Scrub the cauliflower.  Use a large sharp knife to cut the cauliflower into slices about a half inch thick.  If big pieces of the core/stem come with a slice, you can remove it, being careful to keep the slice intact. 

Heat a tablespoon of oil and a tablespoon of butter over high heat in a large heavy skillet until the butter is melted.  Put one sprig of rosemary in the hot skillet and give it a shake to get it coated.  Lay one layer of cauliflower slices in the hot skillet and allow to cook for 4-5 minutes or until you start seeing the browning around the edges.  Use a spatula to carefully flip the pieces over, giving the pan a gentle shake once they are all turned over to redistribute the oil and butter.  Sprinkle with a little salt and pepper.  Continue to cook until second side is also golden and the pieces are tender, about 3-4 minutes.

Repeat this process, adding an additional tablespoon of oil and of butter to the hot skillet before each new batch of cauliflower.  Keep seared cauliflower under foil or in a warm oven to keep it hot until ready to serve. 

To make the sauce, heat a tablespoon of oil over medium heat.  Add the garlic and a sprig of rosemary.  Stir until fragrant and garlic is turning golden.  Add the tomato paste and stir briskly to incorporate.  Add the diced tomatoes and allow mixture to simmer for about 3 minutes, stirring regularly.  Use a potato masher or large spoon to break up the larger chunks of tomato.  Add the goat cheese and stir until the cheese is melted and mixed into the sauce.   Stir in the cream and oregano.  Taste and add salt and pepper as desired.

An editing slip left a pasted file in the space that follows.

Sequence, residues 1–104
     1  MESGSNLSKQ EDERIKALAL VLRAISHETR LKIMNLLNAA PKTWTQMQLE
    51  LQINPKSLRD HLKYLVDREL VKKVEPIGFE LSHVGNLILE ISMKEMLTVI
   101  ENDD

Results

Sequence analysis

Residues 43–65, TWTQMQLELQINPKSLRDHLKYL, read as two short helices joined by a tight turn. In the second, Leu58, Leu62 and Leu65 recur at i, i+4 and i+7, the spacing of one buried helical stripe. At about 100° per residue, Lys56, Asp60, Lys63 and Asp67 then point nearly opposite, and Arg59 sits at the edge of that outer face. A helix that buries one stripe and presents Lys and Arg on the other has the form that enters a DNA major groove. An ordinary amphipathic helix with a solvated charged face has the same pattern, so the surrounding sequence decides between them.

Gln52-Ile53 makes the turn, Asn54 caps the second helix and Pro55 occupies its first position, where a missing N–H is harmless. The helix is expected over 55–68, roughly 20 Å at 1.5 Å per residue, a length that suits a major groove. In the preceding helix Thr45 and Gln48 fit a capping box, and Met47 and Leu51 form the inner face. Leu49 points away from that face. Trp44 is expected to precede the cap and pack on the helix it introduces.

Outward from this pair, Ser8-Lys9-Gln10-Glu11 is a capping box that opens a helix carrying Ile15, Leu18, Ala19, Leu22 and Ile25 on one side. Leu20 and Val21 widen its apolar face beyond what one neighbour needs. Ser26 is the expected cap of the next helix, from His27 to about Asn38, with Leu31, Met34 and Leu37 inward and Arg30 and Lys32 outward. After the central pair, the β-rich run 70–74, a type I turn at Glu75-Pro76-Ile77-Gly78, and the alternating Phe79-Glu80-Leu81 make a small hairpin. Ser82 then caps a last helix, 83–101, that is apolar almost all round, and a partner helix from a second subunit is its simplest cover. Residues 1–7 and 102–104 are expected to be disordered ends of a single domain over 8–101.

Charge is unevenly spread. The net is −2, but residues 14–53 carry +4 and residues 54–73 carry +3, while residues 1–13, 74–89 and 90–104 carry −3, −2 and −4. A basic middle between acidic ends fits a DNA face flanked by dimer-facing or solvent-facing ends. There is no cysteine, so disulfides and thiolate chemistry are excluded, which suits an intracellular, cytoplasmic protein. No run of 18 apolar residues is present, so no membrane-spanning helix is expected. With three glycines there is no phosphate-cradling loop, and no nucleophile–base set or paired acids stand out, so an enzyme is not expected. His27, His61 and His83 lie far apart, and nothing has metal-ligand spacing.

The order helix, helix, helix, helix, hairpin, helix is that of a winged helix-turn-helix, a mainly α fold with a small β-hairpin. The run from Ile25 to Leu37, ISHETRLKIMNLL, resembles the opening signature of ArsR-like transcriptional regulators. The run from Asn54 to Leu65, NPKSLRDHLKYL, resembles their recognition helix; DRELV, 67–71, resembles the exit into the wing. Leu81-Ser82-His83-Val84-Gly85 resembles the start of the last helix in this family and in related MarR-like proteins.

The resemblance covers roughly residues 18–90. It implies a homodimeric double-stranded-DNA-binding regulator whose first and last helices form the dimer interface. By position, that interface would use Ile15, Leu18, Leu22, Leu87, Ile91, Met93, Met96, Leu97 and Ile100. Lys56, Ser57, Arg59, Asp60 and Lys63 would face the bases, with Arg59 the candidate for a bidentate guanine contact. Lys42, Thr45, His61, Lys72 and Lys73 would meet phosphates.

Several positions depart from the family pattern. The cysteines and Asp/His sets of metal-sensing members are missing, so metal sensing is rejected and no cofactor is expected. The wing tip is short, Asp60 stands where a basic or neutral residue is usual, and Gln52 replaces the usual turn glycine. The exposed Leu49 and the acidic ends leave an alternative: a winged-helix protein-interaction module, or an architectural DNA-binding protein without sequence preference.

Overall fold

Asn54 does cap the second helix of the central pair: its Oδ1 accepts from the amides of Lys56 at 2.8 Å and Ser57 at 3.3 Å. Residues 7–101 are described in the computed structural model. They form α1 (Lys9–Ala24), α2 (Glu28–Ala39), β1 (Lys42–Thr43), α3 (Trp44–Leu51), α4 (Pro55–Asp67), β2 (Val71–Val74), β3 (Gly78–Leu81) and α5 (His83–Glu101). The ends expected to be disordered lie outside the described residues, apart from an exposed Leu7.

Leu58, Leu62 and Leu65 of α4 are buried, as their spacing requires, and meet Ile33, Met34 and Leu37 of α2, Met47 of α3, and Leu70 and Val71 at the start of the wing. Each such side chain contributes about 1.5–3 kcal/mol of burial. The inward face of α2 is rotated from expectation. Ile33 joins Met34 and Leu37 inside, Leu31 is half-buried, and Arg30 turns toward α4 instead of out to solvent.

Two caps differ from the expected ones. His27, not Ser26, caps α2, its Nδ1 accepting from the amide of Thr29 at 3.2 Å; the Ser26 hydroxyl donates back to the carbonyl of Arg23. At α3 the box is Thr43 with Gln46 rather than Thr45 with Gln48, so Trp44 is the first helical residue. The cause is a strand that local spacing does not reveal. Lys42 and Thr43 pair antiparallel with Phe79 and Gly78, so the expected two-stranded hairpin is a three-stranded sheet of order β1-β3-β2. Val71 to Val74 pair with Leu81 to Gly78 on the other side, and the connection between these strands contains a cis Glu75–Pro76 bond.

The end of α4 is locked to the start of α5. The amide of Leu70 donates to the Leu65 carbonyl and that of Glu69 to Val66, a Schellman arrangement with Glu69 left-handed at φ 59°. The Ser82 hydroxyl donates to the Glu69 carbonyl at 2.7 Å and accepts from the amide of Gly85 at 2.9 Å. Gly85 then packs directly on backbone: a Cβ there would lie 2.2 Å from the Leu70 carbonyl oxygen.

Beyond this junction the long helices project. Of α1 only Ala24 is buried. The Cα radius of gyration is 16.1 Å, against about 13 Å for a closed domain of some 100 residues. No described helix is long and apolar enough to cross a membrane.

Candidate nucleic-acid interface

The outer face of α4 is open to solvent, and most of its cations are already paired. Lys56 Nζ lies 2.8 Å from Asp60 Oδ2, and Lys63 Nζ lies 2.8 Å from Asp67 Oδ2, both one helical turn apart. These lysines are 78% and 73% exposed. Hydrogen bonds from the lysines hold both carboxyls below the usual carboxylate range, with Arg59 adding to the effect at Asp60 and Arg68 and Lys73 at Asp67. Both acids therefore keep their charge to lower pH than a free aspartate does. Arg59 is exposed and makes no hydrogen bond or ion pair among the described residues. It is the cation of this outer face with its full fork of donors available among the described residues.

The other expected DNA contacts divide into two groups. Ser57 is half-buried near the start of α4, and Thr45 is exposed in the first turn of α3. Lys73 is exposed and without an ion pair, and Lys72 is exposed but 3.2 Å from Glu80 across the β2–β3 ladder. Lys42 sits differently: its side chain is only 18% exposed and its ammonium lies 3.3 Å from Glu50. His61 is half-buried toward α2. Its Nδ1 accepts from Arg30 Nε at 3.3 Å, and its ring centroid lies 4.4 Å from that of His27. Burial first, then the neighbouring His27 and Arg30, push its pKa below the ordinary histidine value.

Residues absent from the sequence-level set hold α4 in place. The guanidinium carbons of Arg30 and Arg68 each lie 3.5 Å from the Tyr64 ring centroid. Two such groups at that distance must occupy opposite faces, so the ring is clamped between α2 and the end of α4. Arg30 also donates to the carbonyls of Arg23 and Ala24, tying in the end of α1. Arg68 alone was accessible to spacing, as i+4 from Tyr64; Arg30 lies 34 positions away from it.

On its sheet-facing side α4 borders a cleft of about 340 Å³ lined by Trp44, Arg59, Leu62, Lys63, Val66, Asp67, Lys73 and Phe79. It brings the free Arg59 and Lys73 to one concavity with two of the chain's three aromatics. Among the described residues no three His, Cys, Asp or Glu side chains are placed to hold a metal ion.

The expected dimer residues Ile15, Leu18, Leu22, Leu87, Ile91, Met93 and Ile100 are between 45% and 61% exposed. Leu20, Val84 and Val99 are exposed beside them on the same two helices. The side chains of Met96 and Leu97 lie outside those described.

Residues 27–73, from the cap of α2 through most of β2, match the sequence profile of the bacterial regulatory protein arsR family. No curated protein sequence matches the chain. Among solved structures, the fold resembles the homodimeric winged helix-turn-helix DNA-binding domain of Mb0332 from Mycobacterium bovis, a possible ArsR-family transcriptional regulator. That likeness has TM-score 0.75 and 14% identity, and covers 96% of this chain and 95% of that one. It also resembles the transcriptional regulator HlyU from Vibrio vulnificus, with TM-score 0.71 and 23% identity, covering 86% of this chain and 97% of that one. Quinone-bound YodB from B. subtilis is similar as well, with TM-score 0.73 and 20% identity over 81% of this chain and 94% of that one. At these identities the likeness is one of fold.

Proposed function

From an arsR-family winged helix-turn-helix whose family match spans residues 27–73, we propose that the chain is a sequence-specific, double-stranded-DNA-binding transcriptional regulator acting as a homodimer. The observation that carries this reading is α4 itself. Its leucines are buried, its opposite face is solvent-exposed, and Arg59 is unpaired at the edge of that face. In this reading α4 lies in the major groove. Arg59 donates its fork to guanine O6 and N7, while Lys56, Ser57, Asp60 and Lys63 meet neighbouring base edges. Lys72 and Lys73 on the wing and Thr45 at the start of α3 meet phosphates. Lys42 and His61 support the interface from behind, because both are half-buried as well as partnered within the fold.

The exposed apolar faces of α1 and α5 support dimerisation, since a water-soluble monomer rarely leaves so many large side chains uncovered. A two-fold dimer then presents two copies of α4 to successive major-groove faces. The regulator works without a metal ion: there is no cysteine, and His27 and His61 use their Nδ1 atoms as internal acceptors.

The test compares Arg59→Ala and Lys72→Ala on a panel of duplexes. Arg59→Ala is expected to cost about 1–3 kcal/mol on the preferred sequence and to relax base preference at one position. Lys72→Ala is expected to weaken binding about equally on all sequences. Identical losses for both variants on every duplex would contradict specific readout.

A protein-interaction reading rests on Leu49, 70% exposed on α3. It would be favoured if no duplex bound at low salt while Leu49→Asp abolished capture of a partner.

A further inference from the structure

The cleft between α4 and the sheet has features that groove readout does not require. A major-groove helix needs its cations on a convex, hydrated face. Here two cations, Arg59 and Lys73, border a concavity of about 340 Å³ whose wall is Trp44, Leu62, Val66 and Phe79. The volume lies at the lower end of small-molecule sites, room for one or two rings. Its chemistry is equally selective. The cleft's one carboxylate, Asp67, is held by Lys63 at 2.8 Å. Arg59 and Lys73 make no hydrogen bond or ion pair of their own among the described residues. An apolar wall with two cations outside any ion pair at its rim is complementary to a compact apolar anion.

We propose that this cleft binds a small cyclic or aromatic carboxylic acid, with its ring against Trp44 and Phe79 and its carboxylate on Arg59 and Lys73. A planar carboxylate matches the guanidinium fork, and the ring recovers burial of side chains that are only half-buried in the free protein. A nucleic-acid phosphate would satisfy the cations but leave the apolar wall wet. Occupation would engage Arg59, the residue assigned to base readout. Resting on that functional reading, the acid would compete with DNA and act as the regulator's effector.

To serve, plate up the cauliflower and top with the warm sauce.  Cauliflower and sauce can be made the day before and reheated  (cauliflower in the oven and sauce on the stove works best) just before serving.  Also delicious when served over a pile of warm whole wheat pasta. 

(serves 4)

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Entry filed under: Purely Vegetables, Recipes. Tags: , , , .

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16 Comments Add your own

  • 1. Food-Fitness-FreshAir  |  January 5, 2010 at 2:11 pm

    Funny…as a kid, I hated broccoli because it was so strong, and thus like cauliflower better because of its bland taste. Now I love them both mainly because my parents did force me to eat so much of them. This recipe sounds great! Cauliflower truly is a great vegetable for taking on various flavors. I like to turn it into mashed potatoes and add a little cardamon seeds.

    Reply
    • 2. Jennie  |  January 7, 2010 at 7:05 pm

      Hmmm, I never thought about cauliflower that way….maybe it was just because I only had it boiled before I started cooking it for myself. You’re definitely right about how having your parents force you to try veggies as a kid helps you love them now. I think exposing kids to a wide array of fresh produce is a huge positive influence parents can have. I’ll have to try your combo with cardamon seeds. Sounds exotic! :)

      Reply
  • 3. Heather (The Single Dish)  |  January 6, 2010 at 1:25 pm